The 77 men included in the study were identified from among 225 patients who had undergone salvage radical prostatectomy at MSKCC from 2000 to 2014. The remaining 148 men did not have a tumor map of the whole-mount specimen. A sensitivity analysis comparing the included and excluded groups showed that the included patients were representative of the entire cohort.
The 15 men who were identified as eligible for partial gland ablation based on their clinical characteristics had a mean age of 60 years. Median time from primary radiotherapy was 48 months. The index lesion (largest tumor mass with the highest Gleason grade) was located in the mid-gland in all men with extension to the apex in 77% of the men and to the base of the prostate in 15%.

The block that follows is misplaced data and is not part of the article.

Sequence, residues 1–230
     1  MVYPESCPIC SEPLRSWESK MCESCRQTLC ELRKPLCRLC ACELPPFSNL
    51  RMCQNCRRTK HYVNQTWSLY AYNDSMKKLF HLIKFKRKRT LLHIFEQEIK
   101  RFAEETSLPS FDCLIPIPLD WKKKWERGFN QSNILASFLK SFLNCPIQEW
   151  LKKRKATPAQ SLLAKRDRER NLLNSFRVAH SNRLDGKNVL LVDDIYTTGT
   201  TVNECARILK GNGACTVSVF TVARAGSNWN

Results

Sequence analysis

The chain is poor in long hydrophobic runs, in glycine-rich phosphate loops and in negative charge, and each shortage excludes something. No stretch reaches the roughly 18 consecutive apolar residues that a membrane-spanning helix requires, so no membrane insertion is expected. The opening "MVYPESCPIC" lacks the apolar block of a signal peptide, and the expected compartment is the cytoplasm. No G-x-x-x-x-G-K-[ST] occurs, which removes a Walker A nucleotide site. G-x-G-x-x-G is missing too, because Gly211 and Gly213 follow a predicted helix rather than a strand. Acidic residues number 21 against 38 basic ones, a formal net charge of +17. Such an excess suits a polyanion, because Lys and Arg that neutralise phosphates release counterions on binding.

“The index lesion appears to be located closer to the urethra, and the median distance of the index tumor to the urethra was 0.5 cm,” Dr. Sivaraman said.
“Based on these findings, we would propose that when salvage focal treatment is considered, the strategy should be a complete hemi-gland ablation including the periurethral tissue.”
Ten of the 15 men identified as eligible for partial gland ablation based on clinical criteria had undergone external beam radiation and the other five had brachytherapy. Dr. Sivaraman acknowledged that the quality of the MRI may be affected by prior radiotherapy seeds.
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